Goldendale is a city and county seat of Klickitat County, Washington, United States, near the Columbia River Gorge. The population within city limits was 3,760 at the 2000 census and 3,407 at the 2010 census, a 9.4% decrease. Take a look below for 20 fascinating and fun facts about Goldendale, Washington, United States.
1. It is situated in a primarily agricultural area and is also near Goldendale Observatory State Park.
2. The valley in which Goldendale is located offers views of the Cascade Mountains to the west and the Simcoe Hills to the north.
3. In 1859 the town was given its name by the early homesteader John Golden, a Pennsylvania-born farmer who settled with his wife from Oregon.
4. His home at Columbus Street and Collins Street remains standing in downtown Goldendale.
5. The town was designated as the county seat of Klickitat County in 1878.
6. Goldendale was officially incorporated on November 14, 1879. Much of the young town, including the county courthouse, was destroyed in a devastating fire on May 13, 1888.
7. On June 9, 1918, William Wallace Campbell, director of the Lick Observatory, and astronomer Heber Curtis journeyed to Goldendale to view a total solar eclipse.
8. The purpose of the observation was to photograph the sun’s corona and the apparent distorted placement of stars due to the sun’s gravitational pull on those star’s rays while passing by the sun.
9. Lacking proper equipment and instead only using multiple cameras Campbell and Curtis were unable to confirm stars’ deflection. However, by November 1919, their efforts would be vindicated by British astronomers and Einstein’s Theory of Relativity was confirmed.
10. Goldendale was also under the path of totality for another total eclipse on February 26, 1979, which drew thousands of visitors to the Goldendale Observatory.
11. In 2008 Goldendale hosted the International Gravity Sports Association’s ‘Festival of Speed,’ on a segment of the historic Maryhill highway.
12. Goldendale has remained the employment, business, commercial and banking center for the valley and, as the county seat, is the location for Klickitat County’s courts and government offices.
13. In recent years this small community has suffered from severe economic decline.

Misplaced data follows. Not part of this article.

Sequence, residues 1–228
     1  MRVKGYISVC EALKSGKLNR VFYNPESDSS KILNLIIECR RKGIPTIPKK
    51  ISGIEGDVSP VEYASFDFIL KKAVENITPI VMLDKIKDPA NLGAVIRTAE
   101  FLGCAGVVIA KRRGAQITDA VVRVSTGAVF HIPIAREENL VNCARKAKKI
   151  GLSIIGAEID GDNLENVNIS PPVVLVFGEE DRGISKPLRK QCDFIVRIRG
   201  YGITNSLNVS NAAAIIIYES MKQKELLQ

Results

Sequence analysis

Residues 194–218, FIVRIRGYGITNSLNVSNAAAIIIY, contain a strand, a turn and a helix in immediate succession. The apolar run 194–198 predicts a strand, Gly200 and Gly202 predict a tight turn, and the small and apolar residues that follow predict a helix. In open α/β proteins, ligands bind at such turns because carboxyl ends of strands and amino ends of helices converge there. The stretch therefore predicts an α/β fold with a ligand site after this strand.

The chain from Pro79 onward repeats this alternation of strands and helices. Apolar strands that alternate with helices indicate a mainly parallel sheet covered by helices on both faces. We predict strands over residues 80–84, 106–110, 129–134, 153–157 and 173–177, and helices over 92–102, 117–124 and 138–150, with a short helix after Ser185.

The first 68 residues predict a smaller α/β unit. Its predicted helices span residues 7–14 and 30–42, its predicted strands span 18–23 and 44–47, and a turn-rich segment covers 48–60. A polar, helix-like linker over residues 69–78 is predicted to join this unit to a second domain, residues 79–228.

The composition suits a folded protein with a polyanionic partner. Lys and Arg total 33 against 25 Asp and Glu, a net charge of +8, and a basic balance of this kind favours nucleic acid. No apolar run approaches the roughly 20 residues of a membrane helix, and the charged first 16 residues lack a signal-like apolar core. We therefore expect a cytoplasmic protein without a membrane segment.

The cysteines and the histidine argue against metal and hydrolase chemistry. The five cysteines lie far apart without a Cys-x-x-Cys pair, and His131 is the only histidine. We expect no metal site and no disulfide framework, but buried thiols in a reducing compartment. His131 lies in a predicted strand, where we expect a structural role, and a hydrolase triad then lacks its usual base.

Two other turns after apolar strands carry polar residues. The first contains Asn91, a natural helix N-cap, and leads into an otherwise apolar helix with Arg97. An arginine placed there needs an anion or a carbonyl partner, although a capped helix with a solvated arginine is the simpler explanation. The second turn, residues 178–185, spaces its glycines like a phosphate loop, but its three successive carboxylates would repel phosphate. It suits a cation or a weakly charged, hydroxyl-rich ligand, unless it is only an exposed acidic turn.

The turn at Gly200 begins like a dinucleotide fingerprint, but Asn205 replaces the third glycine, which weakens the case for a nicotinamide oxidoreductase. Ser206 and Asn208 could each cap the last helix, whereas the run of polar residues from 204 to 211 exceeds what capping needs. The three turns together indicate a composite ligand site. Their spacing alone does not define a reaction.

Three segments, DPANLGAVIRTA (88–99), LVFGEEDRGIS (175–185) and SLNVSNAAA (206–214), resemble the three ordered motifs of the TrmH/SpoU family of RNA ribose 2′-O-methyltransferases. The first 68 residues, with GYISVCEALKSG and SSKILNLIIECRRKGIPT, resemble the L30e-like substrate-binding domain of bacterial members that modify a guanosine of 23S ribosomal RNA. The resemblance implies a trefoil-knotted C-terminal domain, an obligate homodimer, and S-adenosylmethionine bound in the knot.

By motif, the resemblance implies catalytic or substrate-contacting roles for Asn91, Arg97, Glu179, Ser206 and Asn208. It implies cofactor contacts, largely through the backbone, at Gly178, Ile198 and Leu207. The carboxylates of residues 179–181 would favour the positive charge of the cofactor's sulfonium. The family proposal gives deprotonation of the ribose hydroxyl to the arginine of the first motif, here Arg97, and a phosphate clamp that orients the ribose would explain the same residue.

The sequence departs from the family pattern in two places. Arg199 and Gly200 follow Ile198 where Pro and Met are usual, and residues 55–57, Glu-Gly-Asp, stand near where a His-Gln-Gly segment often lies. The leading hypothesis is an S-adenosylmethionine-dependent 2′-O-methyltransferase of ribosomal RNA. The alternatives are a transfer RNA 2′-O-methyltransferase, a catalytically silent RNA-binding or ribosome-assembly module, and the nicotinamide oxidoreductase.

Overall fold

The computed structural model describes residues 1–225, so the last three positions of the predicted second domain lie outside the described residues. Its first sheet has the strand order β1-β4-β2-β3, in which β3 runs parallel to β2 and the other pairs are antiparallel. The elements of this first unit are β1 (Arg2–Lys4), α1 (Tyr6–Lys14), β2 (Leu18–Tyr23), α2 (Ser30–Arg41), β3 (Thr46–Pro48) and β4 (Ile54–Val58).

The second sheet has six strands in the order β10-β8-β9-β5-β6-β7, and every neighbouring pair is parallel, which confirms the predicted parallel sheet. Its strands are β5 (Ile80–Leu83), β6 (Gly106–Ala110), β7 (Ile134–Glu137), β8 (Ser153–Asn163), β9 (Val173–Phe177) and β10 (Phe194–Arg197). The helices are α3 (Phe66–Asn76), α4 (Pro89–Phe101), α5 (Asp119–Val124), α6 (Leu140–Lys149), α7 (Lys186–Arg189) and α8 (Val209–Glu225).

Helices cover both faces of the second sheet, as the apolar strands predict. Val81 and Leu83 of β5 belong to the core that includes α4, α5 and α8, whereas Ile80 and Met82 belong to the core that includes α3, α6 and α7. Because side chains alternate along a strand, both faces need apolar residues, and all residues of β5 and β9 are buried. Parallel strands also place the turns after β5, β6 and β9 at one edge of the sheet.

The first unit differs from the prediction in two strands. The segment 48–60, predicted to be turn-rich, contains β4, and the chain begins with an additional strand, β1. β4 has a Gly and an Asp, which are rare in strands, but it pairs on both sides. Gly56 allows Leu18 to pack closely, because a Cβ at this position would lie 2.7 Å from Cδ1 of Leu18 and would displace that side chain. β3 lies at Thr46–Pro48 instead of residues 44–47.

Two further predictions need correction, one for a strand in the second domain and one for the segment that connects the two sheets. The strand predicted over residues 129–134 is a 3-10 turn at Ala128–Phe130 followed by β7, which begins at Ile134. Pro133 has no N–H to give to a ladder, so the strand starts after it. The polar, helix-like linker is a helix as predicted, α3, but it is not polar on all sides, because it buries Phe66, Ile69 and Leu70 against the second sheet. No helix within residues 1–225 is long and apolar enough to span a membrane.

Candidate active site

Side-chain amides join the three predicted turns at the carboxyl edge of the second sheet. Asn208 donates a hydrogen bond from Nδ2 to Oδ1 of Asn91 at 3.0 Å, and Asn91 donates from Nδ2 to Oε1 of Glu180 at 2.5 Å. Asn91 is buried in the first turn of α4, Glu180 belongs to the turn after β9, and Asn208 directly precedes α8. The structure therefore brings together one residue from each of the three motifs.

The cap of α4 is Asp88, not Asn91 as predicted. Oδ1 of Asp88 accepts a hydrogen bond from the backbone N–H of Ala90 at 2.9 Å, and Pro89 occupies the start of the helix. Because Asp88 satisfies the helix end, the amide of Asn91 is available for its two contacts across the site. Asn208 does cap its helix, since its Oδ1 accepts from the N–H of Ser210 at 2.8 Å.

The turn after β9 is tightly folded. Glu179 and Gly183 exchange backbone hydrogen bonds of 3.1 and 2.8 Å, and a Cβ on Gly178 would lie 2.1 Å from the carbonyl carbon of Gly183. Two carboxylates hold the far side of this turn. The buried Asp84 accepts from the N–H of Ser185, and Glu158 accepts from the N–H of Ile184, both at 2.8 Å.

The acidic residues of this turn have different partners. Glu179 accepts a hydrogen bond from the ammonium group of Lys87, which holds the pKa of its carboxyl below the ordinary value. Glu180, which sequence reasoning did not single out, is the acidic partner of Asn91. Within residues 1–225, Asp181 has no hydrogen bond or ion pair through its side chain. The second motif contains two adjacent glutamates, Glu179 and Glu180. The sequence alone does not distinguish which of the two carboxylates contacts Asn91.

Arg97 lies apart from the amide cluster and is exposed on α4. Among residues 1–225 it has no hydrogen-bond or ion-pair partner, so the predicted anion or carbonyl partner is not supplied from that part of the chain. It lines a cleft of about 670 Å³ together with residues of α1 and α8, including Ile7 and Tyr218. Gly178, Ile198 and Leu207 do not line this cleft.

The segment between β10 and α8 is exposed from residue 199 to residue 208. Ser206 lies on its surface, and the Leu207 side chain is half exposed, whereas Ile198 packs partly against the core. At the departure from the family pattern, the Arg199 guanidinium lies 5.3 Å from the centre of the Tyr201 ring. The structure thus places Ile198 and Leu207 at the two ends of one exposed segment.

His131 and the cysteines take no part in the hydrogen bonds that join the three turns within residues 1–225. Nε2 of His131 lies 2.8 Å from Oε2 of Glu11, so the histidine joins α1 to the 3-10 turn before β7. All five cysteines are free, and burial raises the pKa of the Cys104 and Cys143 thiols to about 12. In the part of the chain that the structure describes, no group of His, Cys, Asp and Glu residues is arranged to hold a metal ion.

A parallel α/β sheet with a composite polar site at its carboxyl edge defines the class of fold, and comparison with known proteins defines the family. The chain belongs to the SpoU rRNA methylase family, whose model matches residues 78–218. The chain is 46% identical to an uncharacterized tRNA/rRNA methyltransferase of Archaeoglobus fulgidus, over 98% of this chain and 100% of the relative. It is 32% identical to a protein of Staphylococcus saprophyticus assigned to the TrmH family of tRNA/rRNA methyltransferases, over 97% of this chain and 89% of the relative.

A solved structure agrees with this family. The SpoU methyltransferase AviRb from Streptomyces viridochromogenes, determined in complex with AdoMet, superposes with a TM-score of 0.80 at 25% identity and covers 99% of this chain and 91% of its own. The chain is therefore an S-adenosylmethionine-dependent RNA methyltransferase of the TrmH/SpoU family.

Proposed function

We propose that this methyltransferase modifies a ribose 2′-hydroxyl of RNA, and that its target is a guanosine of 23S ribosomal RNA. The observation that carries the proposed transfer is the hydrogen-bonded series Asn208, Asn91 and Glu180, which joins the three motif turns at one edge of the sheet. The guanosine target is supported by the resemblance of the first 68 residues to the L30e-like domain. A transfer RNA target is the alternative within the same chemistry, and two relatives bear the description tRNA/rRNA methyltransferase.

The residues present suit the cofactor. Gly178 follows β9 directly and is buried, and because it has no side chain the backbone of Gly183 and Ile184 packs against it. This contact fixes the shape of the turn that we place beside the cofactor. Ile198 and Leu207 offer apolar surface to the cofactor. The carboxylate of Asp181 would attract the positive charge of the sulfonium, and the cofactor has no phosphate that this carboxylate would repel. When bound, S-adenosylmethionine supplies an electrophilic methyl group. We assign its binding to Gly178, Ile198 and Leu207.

14. After a local aluminum plant that once employed many residents closed, the small community struggled economically.
15. The loss of tax base has taken its toll on the funds available for maintaining the city’s infrastructure. In recent years there has been an interest in installing wind turbines that would generate power.
16. While it has provided some jobs, this industry has not been the economic solution for which many residents hoped.
17. A lumber mill and logging used to be major industries in the area but have since ceased to exist.
18. Timber cutting, ranching, farming, agriculture are still key industries in the area, but have seen some hard times over the years, an incidental effect to the modernization of farms and the ease of transporting products to ports on the Oregon Coast.
19. A closed aluminum processing plant had a big economic impact for 35 years and continues to impact the area as pensioners still draw benefits from the decades of operations. The John Day area aluminum reduction plant was built by Harvey Aluminum (later Martin Marietta, forerunner to conglomerate Lockheed Martin) at an industrial site adjacent to the John Day Dam in 1968.
20. The industrial development and resulting jobs brought an era of growth and prosperity to Goldendale for 35 years, which brought the area new levels of prosperity from the high paying industrial jobs with significant benefits. This plant added payroll strength and diversity of the timber- and agricultural-based Goldendale area economy. Many area residents still enjoy pension and healthcare benefits from the 35 years of the industrial operations. The aluminum facility with 3 shifts of employment at its peak in the ’70s and ’80s was employing about 1,400–1,800 people and about 800 in the years from 1990 to 2003.